I’m still hearing about the NSA “scandal”. Sigh.
>some people don’t fancy being treated like a criminal
When we ask people to remove their veils/masks/whatevers for photo IDs, we aren’t treating them like criminals. This seems like the reverse of the “If guns are outlawed only outlaws will have guns” argument. If everyone’s information is public, no one is being treated like a criminal. This would have the advantage of publicizing the same records of everyone who works at the NSA/FBI, lawmakers, etc. Radical Transparency isn’t about giving more power to the elite, it’s about spreading that same power to everyone.
>Cardinal Richelieu understood the value of surveillance when he famously said, “If one would give me six lines written by the hand of the most honest man, I would find something in them to have him hanged.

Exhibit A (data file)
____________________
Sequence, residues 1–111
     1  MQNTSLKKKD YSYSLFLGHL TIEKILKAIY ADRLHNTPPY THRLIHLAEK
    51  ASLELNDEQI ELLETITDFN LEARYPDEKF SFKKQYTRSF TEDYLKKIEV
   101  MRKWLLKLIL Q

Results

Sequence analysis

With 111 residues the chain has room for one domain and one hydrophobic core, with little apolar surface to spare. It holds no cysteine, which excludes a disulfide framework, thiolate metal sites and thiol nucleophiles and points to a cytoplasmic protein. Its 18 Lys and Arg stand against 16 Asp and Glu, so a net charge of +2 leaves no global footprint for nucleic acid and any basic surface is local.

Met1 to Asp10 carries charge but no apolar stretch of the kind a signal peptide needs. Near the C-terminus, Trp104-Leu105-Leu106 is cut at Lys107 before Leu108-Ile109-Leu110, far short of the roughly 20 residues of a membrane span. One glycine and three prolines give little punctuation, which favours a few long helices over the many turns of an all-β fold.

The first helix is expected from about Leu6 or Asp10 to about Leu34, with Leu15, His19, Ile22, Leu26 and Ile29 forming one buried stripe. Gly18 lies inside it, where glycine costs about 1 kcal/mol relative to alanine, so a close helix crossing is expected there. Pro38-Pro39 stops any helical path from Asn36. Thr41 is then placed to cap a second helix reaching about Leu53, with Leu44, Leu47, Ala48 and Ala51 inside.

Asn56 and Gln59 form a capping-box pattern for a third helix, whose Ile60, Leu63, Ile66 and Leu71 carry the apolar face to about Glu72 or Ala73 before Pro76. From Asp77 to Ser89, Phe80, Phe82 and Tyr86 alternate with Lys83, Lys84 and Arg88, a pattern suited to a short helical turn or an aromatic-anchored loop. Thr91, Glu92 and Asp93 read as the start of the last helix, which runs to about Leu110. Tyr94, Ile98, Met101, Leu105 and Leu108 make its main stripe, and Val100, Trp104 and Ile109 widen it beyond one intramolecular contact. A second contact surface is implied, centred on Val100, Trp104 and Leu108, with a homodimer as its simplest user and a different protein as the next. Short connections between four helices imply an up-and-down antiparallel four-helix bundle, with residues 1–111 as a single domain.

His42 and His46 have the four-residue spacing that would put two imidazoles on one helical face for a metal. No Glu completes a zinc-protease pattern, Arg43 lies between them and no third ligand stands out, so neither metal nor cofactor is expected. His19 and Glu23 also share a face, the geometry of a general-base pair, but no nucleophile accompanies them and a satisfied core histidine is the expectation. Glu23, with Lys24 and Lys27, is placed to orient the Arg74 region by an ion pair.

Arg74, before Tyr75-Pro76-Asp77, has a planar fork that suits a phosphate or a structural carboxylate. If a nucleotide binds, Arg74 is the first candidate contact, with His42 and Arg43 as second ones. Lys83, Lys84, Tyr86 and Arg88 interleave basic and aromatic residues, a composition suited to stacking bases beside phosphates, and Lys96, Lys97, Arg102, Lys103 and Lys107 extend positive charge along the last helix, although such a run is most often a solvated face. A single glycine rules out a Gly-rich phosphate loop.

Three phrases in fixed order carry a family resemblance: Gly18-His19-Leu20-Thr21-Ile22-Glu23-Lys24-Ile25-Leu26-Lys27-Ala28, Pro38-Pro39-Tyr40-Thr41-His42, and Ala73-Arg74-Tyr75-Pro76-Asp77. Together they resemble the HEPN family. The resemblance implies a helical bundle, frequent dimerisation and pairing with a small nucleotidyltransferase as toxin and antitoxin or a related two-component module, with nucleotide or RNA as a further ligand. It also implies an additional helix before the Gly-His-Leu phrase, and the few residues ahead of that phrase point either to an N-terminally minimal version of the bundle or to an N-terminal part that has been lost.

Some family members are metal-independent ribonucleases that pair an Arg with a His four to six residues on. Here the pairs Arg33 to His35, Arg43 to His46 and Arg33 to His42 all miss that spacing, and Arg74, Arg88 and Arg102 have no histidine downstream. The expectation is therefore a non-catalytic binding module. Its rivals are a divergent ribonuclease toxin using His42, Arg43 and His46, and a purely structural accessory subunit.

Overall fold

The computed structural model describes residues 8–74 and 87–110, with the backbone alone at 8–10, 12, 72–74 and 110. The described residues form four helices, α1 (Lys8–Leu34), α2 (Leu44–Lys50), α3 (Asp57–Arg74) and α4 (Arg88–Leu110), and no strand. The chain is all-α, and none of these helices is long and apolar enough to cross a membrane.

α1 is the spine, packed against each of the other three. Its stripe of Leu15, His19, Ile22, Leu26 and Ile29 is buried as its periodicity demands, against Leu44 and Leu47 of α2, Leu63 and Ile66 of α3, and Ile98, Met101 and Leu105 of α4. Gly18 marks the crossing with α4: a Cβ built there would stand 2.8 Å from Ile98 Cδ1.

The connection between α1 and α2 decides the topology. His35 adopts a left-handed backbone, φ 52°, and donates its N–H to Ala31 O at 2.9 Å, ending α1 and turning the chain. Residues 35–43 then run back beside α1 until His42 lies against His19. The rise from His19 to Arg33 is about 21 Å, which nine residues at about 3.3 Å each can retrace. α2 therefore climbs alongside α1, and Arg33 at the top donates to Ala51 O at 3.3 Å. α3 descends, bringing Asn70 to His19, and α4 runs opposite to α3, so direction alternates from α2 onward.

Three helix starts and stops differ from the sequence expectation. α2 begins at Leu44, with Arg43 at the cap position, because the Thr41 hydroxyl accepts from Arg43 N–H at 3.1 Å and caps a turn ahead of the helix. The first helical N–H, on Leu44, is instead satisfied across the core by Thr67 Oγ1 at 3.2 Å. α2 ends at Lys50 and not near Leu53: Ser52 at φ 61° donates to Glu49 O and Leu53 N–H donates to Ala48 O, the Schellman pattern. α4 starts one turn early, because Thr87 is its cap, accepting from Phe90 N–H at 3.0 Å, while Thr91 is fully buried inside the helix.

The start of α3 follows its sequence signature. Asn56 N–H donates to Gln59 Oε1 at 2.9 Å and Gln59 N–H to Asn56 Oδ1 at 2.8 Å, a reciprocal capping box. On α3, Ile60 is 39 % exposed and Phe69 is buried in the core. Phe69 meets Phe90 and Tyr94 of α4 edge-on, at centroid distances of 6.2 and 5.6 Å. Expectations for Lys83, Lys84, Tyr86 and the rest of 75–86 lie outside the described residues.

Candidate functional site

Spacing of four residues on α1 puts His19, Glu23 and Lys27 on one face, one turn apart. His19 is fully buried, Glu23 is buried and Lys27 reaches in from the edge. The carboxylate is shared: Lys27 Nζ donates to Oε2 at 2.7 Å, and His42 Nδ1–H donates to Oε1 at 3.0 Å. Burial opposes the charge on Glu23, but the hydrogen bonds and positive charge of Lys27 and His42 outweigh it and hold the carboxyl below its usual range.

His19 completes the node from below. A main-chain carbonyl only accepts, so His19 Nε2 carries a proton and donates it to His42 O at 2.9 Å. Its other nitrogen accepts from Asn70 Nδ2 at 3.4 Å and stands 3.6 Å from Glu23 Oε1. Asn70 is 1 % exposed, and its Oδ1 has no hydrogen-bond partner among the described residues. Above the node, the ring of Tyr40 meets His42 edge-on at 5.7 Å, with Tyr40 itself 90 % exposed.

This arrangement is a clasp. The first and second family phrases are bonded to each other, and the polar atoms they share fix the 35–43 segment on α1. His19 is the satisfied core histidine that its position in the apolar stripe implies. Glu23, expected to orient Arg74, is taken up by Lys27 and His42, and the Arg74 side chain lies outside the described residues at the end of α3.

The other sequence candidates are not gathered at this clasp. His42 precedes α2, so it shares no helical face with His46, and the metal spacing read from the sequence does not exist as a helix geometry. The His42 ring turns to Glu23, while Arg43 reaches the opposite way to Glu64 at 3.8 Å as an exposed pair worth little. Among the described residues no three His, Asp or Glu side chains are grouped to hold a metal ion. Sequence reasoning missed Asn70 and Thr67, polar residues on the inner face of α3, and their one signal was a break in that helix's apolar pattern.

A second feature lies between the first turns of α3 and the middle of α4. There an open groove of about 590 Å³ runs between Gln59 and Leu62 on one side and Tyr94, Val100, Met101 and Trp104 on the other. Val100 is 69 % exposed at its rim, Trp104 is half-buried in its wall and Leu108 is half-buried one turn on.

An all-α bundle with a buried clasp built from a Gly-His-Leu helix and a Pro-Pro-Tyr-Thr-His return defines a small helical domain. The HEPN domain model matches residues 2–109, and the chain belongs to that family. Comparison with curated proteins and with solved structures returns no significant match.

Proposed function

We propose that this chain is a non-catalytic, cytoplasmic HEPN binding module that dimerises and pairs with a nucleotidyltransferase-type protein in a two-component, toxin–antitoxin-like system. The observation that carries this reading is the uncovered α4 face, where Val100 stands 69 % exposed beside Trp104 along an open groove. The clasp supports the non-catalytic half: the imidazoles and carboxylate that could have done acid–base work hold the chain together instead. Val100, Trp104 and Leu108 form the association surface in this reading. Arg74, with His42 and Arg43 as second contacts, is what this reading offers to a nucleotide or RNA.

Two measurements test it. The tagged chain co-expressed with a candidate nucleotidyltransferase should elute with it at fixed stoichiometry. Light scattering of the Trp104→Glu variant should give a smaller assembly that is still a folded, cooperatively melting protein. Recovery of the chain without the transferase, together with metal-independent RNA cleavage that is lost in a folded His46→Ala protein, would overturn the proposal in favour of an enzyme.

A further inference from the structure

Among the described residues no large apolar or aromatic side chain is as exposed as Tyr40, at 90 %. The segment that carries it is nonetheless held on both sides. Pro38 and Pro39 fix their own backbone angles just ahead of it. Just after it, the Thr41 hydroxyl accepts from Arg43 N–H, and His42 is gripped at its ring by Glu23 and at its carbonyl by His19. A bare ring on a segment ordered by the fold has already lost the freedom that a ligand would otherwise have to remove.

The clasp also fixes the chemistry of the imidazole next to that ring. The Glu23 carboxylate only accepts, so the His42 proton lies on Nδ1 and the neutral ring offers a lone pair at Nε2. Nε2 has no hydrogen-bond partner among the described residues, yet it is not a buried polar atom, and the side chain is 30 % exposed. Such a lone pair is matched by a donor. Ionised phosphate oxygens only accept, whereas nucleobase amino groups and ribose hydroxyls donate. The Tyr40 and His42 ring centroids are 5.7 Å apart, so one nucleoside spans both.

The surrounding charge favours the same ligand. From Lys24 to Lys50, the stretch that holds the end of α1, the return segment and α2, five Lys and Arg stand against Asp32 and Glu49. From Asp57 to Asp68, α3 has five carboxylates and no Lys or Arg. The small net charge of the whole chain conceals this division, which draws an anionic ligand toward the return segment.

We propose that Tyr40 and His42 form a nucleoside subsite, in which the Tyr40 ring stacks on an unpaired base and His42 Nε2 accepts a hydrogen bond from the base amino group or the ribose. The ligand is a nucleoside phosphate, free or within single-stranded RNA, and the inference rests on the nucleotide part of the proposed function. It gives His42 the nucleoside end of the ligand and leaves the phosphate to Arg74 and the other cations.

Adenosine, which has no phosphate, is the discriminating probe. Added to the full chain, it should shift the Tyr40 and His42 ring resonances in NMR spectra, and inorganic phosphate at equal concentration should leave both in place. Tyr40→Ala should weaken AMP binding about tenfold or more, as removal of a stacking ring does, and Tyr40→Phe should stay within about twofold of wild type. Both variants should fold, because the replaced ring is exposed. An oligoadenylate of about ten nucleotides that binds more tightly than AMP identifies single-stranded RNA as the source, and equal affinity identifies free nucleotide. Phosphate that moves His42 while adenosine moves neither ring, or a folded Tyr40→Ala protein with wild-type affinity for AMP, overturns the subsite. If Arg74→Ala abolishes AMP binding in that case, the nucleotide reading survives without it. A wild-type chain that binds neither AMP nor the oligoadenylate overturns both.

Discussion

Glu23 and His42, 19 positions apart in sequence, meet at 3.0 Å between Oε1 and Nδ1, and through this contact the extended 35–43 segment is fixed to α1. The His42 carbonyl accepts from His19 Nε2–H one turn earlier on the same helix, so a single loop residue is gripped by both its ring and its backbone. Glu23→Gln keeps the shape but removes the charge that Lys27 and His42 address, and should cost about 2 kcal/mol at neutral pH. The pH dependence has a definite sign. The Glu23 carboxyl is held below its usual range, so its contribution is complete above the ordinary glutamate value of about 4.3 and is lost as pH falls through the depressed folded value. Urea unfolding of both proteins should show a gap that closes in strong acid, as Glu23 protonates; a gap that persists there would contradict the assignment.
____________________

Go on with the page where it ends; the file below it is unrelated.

Society can end up being constructed in such a way that it is impossible not to break the law going about your daily business. In such a case if they want to get you they’ll get you anyway, unless you’re willing to go full-Taliban and live in caves/forests without any modern devices. Hiding under “anonymity” only gives a false sense of security and gives those at the top more power. Possible solutions include preventing such a state in the first place (unlikely), believing that the “jury of your peers” system works well enough to stop such crap (which we use right now, and seems to be working fairly well), and exposing everyone to such scrutiny so everyone realizes just how silly it is (the Radical Transparency option).
Really, allowing the hiding of transgressions in a society where everyone must break laws only strengthens the most powerful actors – those most able to hide their own transgressions and reveal the transgressions of others. The way to increase the power of the poor working class shmucks would be to spread transparency so the elites no longer have that ability.